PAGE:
Making Another Writer’s Decisions

I’m a pretty controlling person. I like to be in charge, and I don’t like to be told what to do. So when Shelley introduced this activity to the class, I was a bit skeptical. Our final project — the capstone of the capstone class — is an important one, to say the least. It needs to be perfect; it needs to be uniquely mine. I questioned whether somebody other than me could brainstorm topics that I’d actually consider.

Upon completing the activity, I was pleasantly surprised. After listening to my likes, dislikes, etc., my partner seemed to really understand the types of writing I prefer, and the ways I can push myself to try new things.

The suggestion I’m leaning furthest towards is this:

“Observe a person of interest for a day, noting their hobbies, habits, routine, etc. and create an article based on their experiences of particular events.” 

I think that this suggestion works best with my particular interests and skills, as I hope to someday become a journalist. Additionally, my favorite writing assignments have been ones where I have creative flexibility, notably those in my Art of the Essay class, where I practiced writing creative nonfiction. This topic suggestion combines those two genres (journalism and creative nonfiction) to create something unique, interesting, and challenging.

Of course, I’ll continue to brainstorm on my own, but this activity has provided me with some great places to start.

2 thoughts to “Making Another Writer’s Decisions”

  1. Hey just wanted to say that your first sentence drew me in and made me want to read your post, so now I’m commenting to let you know of that. But now that I’ve read it, I also find the idea of following one person around for a day to be pretty fun and interesting. What if it was a collection of descriptions of various people with very different backgrounds and interests? One could be a frat boy, another a homeless person, another a foreign exchange student etc.?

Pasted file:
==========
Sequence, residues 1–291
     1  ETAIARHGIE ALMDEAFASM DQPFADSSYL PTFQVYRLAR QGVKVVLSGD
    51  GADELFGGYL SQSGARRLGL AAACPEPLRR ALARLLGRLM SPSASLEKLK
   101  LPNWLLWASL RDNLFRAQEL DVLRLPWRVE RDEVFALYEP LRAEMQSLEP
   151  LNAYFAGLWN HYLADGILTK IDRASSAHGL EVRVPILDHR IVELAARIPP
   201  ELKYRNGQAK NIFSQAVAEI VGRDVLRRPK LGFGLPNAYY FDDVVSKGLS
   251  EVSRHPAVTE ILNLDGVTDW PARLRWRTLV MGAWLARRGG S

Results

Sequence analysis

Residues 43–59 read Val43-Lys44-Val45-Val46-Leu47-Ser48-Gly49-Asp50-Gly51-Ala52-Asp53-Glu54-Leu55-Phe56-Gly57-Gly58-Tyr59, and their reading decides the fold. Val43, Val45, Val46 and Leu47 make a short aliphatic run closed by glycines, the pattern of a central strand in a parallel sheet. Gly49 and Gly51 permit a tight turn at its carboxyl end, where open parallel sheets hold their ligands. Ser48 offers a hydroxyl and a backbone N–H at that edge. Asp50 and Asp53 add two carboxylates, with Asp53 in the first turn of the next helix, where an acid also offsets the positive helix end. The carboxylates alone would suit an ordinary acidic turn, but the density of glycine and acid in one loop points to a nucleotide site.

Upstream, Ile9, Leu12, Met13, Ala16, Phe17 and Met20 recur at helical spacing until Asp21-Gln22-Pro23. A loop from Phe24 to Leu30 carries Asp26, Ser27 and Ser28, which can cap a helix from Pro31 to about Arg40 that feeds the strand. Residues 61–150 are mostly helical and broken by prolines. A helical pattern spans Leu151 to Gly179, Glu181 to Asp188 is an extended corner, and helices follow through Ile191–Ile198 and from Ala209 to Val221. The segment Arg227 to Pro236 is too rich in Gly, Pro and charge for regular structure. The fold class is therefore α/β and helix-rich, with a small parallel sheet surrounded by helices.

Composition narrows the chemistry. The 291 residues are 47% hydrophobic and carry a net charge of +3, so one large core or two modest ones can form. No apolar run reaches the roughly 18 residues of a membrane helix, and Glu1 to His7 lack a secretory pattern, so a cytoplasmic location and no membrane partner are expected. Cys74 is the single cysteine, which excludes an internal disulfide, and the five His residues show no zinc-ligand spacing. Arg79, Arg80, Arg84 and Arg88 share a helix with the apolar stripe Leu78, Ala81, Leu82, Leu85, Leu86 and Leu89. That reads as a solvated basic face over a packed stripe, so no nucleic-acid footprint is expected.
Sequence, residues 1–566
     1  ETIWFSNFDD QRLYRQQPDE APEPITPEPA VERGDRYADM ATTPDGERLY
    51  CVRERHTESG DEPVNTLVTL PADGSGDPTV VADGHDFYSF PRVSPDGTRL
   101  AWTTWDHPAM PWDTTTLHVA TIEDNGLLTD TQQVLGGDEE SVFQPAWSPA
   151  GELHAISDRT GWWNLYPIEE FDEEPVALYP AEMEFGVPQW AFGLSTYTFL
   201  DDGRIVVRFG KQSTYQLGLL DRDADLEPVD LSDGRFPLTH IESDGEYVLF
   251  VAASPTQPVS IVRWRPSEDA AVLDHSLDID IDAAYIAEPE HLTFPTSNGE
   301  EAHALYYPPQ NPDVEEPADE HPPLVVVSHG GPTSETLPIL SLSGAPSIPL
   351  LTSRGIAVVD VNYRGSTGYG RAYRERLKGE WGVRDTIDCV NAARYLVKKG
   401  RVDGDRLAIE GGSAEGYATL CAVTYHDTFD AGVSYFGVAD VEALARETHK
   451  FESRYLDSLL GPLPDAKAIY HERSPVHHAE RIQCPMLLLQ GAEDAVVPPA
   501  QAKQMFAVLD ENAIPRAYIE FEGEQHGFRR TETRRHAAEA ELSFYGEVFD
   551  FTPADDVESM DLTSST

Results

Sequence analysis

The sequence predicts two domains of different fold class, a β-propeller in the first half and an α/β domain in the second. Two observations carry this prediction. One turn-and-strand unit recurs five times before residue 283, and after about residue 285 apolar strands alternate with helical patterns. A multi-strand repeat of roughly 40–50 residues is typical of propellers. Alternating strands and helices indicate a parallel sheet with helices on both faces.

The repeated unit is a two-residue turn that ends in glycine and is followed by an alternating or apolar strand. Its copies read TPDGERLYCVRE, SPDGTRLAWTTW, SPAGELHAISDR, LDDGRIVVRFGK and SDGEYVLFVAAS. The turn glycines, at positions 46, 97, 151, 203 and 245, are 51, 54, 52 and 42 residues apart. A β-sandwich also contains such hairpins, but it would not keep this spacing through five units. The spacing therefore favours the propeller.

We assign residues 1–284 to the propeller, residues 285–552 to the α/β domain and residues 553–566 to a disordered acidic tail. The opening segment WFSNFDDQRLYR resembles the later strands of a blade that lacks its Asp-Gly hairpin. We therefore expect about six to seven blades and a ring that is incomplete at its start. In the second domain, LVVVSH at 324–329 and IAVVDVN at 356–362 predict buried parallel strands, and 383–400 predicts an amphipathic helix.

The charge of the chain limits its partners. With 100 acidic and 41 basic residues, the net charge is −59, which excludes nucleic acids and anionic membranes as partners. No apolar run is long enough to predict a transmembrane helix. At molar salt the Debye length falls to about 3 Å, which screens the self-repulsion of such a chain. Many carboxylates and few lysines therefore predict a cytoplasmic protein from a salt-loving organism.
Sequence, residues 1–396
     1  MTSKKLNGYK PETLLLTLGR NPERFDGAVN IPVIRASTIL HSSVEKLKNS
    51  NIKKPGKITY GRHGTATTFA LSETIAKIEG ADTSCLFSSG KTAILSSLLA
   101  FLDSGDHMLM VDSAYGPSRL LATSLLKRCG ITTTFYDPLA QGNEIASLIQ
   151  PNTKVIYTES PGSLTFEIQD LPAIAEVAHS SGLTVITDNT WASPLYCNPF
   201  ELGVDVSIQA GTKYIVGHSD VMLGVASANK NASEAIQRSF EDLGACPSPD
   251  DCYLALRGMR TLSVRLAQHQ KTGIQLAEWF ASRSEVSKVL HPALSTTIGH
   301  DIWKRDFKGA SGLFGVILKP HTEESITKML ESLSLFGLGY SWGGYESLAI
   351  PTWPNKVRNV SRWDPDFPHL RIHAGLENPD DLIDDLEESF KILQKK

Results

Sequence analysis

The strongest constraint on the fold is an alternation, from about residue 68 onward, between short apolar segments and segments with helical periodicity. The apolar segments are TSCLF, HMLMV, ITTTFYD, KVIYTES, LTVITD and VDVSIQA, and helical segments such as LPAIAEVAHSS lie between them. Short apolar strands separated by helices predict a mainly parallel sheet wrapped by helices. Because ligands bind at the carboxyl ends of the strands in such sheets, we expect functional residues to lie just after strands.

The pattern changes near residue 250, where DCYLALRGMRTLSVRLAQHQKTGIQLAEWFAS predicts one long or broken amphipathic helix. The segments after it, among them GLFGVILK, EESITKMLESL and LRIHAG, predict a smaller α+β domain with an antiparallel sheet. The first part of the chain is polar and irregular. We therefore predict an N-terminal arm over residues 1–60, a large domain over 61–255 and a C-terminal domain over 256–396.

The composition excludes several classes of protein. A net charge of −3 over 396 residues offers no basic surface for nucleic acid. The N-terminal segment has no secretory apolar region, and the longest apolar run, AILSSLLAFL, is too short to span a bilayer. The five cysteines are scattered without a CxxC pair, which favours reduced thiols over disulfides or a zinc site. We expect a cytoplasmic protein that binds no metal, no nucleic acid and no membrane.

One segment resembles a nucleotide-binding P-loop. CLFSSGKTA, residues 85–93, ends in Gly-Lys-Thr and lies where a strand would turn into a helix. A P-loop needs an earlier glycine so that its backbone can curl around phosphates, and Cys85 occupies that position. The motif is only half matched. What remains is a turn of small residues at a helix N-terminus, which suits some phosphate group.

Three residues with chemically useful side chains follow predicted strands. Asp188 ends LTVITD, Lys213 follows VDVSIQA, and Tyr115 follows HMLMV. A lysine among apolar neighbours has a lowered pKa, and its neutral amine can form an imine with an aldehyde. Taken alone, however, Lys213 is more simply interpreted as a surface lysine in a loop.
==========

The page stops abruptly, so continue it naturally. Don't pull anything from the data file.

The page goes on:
Anyway I like the idea and I’m looking forward to hearing how it goes.

  2. I agree Patrick. The bluntness and honesty of the first sentence of this post definitely drew me in.
    Linda, do you have any idea as to the person or people you will observe? Patrick’s idea of a collection of descriptions could be cool…especially if you are looking for shorter pieces of writing. On the flip-side, another idea is to observe someone for a week rather than a day. You can “document” your observations…sort of like journal entries. This will allow you to practice your “journalistic” reporting skills and get quite specific. Based on your journal entries, you can assemble together your observations into a larger piece of prose. After observing someone for a week, I’m sure you would have an intimate understanding of that person. I think that would make for an awesome project.

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